Vertin explains that while Washington has viewed Djibouti primarily through a security lens, Beijing has advanced a mix of commercial, technological, and diplomatic investments there, indicative of its approach across the BRI corridor. He observes that China sees its Djiboutian outpost both as a means to project power and as a testing ground — where its military can gain experience and gauge international reaction to a Chinese presence outside the western Pacific.
 Vertin cautions against the U.S. emphasizing “great power competition” among regional partners, and suggests it focus instead on smart investments, comparative advantages, and multilateral cooperation. 
Washington, he notes, should also recognize Djibouti and the Red Sea region as part of the wider, and increasingly pivotal, Indo-Pacific domain.
Adel Abdel Ghafar and Anna L. Jacobs document China’s growing footprint in the southern Mediterranean. They observe that U.S. disengagement from the region and Europe’s diminishing influence have created a power vacuum for China and Russia to fill. 
They highlight that Beijing’s ties to the North African region largely center on trade and infrastructure development, affording the region an alternative to Europe and the United States. China’s rigid social control and rapid economic growth also have served as an attractive model for leaders across the region.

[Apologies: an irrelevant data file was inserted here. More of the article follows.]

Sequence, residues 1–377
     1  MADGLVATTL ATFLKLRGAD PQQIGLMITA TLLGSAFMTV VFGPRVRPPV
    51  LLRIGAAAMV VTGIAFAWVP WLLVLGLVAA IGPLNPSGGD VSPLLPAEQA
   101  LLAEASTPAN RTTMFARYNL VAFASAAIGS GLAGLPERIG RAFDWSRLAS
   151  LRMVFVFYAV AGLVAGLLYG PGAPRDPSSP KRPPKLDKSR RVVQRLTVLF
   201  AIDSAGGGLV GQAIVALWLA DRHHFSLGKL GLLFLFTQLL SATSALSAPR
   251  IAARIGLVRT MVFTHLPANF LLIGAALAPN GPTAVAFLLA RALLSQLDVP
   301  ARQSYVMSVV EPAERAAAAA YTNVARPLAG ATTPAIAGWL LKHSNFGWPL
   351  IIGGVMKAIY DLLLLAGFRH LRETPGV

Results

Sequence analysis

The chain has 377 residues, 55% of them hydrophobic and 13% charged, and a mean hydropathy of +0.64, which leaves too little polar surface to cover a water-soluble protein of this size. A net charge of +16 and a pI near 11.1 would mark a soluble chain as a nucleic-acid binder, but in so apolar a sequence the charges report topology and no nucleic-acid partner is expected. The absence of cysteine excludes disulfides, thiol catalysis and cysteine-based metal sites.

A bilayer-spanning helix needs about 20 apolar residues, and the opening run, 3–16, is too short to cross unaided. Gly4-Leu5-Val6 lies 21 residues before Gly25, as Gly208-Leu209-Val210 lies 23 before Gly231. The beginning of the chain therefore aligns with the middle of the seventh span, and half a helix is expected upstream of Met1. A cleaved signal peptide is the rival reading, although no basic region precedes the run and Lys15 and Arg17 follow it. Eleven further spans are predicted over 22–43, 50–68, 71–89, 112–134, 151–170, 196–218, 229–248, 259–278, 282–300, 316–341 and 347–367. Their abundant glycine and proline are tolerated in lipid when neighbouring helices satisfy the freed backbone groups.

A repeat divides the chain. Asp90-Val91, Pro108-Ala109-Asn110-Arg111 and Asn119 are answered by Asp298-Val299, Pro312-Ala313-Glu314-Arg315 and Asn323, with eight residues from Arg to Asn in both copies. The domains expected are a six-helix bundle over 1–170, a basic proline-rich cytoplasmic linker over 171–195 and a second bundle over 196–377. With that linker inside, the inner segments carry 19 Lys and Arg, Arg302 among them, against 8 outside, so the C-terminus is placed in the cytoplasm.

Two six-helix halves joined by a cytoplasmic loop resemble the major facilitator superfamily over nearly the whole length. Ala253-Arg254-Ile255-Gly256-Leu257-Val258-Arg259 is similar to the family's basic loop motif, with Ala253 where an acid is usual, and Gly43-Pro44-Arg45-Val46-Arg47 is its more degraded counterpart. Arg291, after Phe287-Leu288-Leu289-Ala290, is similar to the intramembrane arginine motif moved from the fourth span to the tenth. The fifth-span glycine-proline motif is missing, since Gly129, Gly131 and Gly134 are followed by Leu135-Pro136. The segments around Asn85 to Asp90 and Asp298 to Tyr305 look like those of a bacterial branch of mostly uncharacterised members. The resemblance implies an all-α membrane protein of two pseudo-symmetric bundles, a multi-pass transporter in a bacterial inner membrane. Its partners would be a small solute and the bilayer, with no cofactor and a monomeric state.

They argue that China also is forging deeper defense ties and closer diplomatic relations, a trend that is unlikely to reverse due to the declining presence of the U.S. and European Union in the region.
Natan Sachs and Kevin Huggard examine Israel’s relationship with China within the broader context of American and Chinese relations with the Middle East.
 Israel is torn between its diplomatic and economic interests to work with China and its paramount interest to maintain a close relationship with the United States, which has pressured Israel to limit its engagements with Beijing.
 Sachs and Huggard write this balancing act will become more difficult as U.S.-China tensions in the region increase amid a rising Chinese presence.
 As the largest trading partner of many countries in the Middle East, China already holds significant regional influence. Beijing is wary of taking up a more central political role, but holds several advantages over Washington should it choose to invest more in navigating the region’s political fault lines.
Bruce Riedel writes that China’s relationship with Saudi Arabia is driven by access to oil — but even though China is now the biggest importer of Saudi oil, there is little strategic cooperation between the two countries.
 However, Saudi Crown Prince Mohammed bin Salman has notably defended Beijing on its repression of Uighur Muslims in the name of security. 
Riedel observes that Riyadh still views Washington as its main strategic partner; a majority of its arms purchases come from the United States, and Washington is far more aligned with Riyadh than Beijing is on Iran, Saudi Arabia’s regional rival. 
While a Joe Biden administration would likely downgrade U.S.-Saudi relations, there would be limits to China’s ability to take advantage.